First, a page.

Tonight, at around 6:00pm, a few visitors stopped by while I was in the kitchen mixing up a batch of banana bread. The Ticos call them abuelitas (little grandmothers) and they come every year after the start of the rainy season. They don’t stay long, but their presence can be felt for weeks. In fact, when they come, we usually go out to dinner and leave them behind. It may sound rude, but it’s just survival on our part.
So, who are the abuelitas? They are flying termites that swarm up from the ground, usually once a year, just before dusk (which is also the time I am preparing dinner). During our four years of living at the Cabinas, hundreds of thousands of them swarmed outside every year, with hundreds coming in through the cracks in the wood ceiling, windows, and under the door. Here is a video from that time.
Now that we are living in town, very few abuelitas come to visit. But we learned from our time living in the country that, when they come, there is nothing to do but stop cooking dinner, stop watching that movie, stop trying to swat them because we are sorely outnumbered, and just leave. When we return a couple of hours later, tens of thousands of them have entered, died, and shed their wings and it is as if it has snowed tiny black wings all over everything. (I can hear you saying, “Ewwww, yuk!” But we are in the tropics, after all!) Here’s a photo of our printer, covered with the abuelitas, to give you an idea of what we’re talking about.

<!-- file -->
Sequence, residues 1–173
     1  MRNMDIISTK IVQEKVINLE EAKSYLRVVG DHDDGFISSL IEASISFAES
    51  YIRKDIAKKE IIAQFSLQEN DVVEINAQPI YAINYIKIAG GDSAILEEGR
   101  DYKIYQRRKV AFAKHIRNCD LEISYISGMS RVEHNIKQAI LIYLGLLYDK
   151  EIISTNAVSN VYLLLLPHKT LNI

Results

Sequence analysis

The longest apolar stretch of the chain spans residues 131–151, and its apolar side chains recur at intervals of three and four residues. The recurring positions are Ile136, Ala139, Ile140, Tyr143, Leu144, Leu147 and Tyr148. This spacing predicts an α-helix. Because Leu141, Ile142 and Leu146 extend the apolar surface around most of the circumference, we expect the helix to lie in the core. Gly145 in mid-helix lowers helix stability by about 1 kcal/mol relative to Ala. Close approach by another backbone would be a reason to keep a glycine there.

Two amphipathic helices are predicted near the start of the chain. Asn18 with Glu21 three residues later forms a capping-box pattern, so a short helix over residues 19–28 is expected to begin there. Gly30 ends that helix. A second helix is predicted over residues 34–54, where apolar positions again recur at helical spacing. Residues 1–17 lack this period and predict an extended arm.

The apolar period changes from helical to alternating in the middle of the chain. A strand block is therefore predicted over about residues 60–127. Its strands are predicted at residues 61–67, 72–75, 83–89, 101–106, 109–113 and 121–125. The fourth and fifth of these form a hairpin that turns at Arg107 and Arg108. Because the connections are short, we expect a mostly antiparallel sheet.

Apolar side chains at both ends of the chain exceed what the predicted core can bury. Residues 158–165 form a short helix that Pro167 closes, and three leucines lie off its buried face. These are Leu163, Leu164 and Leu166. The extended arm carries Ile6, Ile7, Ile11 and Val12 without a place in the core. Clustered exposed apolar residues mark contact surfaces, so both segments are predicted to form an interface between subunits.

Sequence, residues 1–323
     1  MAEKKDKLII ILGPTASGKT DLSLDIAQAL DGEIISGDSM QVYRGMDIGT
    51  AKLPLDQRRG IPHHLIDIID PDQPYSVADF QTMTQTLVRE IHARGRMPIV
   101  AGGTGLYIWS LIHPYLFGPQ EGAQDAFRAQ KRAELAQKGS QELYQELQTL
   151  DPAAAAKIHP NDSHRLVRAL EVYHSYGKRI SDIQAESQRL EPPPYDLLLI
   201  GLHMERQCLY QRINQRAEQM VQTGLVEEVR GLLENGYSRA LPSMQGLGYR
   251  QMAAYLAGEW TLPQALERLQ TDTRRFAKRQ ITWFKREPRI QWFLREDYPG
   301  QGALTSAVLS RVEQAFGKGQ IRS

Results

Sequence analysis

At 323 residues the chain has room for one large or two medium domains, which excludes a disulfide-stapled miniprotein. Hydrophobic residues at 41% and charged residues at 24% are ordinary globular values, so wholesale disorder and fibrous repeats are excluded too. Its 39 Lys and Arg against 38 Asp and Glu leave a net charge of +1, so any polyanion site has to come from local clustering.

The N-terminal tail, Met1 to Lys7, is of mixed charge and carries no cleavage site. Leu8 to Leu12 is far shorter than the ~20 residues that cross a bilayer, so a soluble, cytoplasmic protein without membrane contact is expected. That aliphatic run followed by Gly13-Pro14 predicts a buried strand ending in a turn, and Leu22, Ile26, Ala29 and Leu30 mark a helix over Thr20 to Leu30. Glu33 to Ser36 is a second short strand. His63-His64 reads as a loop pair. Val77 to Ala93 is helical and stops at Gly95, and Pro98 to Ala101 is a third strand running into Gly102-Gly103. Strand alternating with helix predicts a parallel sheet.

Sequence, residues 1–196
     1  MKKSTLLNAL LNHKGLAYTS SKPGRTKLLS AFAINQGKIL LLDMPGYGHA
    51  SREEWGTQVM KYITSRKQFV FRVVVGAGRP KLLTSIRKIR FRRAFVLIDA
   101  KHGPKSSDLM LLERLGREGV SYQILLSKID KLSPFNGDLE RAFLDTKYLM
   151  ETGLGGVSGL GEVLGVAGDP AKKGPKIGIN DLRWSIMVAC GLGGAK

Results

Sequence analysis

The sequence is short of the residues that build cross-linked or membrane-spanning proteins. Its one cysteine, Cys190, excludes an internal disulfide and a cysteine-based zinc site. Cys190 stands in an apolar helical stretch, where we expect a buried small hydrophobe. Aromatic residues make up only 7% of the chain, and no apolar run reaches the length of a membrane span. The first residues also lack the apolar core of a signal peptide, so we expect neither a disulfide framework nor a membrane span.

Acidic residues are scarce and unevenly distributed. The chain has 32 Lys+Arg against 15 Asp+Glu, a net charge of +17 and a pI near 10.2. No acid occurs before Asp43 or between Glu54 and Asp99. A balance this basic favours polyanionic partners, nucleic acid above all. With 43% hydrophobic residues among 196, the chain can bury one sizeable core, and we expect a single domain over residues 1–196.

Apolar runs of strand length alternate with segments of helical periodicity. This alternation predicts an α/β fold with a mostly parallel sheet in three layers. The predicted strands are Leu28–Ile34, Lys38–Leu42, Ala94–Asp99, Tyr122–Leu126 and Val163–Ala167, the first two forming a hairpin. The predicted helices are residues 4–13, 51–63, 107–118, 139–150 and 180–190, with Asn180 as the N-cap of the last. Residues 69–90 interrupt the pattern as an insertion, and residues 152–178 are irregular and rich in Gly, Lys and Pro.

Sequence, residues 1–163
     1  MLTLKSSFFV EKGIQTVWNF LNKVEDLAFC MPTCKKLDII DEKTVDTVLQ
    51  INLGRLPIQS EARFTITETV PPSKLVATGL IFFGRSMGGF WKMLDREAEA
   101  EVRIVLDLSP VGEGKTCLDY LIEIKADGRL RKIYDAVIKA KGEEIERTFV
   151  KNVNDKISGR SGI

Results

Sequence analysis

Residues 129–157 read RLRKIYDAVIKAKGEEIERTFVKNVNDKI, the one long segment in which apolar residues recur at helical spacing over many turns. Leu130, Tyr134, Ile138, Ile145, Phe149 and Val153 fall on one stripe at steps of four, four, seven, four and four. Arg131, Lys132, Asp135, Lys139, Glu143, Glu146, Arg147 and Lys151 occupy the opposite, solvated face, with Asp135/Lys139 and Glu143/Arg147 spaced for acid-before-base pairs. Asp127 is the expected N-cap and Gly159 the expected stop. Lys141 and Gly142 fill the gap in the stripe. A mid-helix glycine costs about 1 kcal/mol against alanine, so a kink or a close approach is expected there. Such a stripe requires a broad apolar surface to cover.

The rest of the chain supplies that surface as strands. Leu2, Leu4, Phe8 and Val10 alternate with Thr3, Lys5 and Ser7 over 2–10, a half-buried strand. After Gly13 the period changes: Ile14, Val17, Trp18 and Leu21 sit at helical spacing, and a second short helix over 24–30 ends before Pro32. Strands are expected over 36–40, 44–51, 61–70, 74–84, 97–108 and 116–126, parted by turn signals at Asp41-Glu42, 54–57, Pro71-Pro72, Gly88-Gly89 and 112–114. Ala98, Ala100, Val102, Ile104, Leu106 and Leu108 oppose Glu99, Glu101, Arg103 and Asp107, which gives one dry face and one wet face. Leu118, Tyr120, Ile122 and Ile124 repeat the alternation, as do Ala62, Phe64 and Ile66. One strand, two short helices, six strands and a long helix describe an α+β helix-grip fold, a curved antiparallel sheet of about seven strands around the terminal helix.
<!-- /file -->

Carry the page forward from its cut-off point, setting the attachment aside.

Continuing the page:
When we come back home, the work begins – sweeping and vacuuming — and continues for days as their gossamer wings continue to float down from the beams and catch on the rough plaster walls. They are a constant reminder that nature cannot be contained and we are just puny humans who must adjust to its rhythms.